Kiyoshi Muranaga facts for kids
Kiyoshi K. Muranaga
Kiyoshi K. Muranaga, Medal of Honor recipient
February 16, 1922|
Los Angeles, California
|Died||June 26, 1944
near Suvereto, Italy †
|Place of burial||
(Los Angeles, California)
|Allegiance||United States of America|
||United States Army|
|Years of service||1943–1944|
|Rank||Private First Class|
|Unit||442nd Regimental Combat Team|
|Battles/wars||World War II|
|Awards||Medal of Honor
Kiyoshi K. Muranaga (February 16, 1922 – June 26, 1944) was a United States Army soldier and a recipient of the United States military's highest decoration—the Medal of Honor—for his actions in World War II.
Muranaga was born in California to Japanese immigrant parents. He is a Nisei, which means that he is a second generation Japanese-American. He was raised as one of the oldest of 9 other siblings in what is now Gardena, California.
He was interned with his family at the Granada War Relocation Center in Colorado.
Muranaga joined the US Army in May 1943. Muranaga volunteered to be part of the all-Nisei 442nd Regimental Combat Team. This army unit was mostly made up of Japanese Americans from Hawaii and the mainland. Muranaga was killed on the first day of action for the 442nd in Italy.
For his actions in June 1944, he was posthumously awarded the Army's second-highest decoration, the Distinguished Service Cross. A 1990s review of service records for Asian Americans who received the Distinguished Service Cross during World War II led to Muranaga's award being upgraded to the Medal of Honor.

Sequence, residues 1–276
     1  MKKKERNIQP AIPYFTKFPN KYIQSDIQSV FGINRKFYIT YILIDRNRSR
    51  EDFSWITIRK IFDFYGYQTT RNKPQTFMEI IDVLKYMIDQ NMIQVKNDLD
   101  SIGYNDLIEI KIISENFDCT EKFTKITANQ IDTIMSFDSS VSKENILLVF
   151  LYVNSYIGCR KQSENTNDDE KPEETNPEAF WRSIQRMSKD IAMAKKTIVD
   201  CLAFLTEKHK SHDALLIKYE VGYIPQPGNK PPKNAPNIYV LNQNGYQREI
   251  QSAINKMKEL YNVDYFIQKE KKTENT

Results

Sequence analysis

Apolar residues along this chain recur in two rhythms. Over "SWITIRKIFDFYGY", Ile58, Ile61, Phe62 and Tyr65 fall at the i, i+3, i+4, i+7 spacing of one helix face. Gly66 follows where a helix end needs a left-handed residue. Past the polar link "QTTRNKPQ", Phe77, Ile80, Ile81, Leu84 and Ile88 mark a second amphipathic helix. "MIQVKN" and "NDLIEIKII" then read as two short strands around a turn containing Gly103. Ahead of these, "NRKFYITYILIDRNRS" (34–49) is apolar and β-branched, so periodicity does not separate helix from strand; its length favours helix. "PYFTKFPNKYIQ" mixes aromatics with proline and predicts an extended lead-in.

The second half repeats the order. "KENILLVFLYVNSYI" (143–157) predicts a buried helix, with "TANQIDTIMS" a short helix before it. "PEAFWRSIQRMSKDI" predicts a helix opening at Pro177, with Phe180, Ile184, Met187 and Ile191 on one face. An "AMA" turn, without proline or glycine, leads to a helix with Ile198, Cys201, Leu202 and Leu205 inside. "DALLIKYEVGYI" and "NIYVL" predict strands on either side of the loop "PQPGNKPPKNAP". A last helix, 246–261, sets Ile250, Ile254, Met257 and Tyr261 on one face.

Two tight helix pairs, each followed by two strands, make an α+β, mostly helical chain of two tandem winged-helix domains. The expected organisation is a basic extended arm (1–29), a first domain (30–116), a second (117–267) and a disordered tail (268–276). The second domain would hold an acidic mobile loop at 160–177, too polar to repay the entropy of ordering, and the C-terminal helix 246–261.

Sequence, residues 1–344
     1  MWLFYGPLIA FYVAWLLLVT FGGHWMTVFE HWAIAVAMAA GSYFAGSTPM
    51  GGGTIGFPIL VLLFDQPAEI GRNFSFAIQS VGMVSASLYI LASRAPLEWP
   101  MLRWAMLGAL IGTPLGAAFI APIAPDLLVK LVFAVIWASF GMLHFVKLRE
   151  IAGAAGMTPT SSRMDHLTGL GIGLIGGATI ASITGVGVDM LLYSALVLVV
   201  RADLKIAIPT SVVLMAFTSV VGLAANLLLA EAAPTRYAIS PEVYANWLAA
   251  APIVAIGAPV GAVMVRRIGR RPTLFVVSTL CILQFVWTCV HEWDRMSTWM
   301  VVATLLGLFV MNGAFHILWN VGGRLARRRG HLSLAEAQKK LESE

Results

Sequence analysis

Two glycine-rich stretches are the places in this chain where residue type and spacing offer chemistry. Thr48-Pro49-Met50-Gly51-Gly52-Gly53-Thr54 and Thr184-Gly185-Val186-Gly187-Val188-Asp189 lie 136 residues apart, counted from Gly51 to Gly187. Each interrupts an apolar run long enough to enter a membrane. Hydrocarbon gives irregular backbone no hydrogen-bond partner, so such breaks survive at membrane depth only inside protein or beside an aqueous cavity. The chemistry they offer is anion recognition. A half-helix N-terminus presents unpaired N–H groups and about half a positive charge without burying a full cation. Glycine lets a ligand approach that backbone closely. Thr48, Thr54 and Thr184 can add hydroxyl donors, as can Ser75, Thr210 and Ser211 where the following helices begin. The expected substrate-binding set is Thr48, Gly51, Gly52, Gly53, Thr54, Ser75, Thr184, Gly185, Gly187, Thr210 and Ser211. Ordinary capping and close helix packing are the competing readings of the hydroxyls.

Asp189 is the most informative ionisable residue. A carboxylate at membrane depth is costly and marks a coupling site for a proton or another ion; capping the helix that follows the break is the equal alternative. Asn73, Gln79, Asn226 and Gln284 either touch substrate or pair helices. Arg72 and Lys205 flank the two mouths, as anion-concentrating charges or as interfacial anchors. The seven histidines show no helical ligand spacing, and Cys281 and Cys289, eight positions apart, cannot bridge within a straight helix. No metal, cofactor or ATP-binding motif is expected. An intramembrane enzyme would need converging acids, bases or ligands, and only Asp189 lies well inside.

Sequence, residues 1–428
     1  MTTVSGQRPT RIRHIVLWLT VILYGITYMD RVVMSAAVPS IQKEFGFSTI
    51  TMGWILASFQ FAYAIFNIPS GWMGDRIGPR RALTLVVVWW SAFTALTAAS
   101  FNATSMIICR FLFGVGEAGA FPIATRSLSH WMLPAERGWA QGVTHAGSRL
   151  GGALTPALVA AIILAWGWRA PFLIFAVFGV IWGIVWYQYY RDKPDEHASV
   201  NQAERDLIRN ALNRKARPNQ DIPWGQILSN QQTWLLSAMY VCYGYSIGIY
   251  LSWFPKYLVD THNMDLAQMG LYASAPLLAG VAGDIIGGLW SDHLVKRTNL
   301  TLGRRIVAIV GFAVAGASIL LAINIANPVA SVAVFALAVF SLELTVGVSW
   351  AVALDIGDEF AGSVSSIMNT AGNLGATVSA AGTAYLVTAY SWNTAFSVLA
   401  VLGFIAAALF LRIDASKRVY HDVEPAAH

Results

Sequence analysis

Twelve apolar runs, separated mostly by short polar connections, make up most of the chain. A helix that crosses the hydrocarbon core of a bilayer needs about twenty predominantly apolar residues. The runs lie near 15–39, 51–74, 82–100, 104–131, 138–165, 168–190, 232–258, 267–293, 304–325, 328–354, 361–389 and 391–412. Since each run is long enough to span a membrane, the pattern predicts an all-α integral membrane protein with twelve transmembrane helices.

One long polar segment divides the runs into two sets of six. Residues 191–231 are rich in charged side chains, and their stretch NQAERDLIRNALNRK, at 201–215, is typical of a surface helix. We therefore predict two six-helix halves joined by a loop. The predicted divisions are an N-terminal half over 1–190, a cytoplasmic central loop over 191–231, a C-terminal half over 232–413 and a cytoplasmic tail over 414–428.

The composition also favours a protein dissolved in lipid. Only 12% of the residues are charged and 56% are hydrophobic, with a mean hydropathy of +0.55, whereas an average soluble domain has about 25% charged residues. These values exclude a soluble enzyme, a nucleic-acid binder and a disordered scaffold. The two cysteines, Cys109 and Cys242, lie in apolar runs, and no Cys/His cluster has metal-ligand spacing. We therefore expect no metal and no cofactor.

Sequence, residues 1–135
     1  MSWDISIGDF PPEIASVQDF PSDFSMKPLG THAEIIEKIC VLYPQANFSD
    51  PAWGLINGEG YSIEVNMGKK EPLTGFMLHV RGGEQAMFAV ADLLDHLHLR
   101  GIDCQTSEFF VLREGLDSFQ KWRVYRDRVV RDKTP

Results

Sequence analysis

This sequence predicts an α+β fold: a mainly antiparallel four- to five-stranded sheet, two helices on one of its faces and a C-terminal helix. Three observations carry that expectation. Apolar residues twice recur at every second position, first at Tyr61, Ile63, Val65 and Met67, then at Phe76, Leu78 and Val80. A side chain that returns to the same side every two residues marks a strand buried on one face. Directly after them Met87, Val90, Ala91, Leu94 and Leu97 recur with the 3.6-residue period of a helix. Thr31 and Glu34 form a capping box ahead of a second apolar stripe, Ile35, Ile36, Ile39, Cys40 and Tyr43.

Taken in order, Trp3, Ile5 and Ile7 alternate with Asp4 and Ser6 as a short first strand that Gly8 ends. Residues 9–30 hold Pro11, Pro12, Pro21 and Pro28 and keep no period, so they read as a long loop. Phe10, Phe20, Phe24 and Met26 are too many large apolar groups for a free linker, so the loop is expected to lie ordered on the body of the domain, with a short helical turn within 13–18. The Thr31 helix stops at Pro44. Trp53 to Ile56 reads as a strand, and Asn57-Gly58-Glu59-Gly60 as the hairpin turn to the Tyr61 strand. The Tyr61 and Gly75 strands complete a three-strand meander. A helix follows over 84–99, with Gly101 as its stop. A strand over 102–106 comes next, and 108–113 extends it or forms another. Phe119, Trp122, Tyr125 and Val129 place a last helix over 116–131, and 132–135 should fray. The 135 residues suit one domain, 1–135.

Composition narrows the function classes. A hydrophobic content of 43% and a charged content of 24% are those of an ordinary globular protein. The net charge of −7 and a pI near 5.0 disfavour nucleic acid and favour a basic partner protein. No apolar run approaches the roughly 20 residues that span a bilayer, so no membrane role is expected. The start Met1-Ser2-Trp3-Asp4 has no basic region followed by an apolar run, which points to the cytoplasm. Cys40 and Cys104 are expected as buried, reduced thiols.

In a ceremony at the White House on June 21, 2000, his surviving family was presented with his Medal of Honor by President Bill Clinton. Twenty-one other Asian Americans also received the medal during the ceremony, all but seven of them posthumously.
Muranaga, aged 22 at his death, was buried in Evergreen Cemetery, Los Angeles, California.
Medal of Honor citation
On June 26, 1944, Muranaga was serving as a private first class in the 442nd Regimental Combat Team. On that day, near Suvereto, Italy, he single-handedly manned his squad's mortar weapon in an attempt to destroy an enemy artillery gun. Muranaga was able to fire three shells before being killed by the enemy's return fire.
- List of Medal of Honor recipients for World War II
- List of Asian American Medal of Honor recipients
- Posthumous recognition
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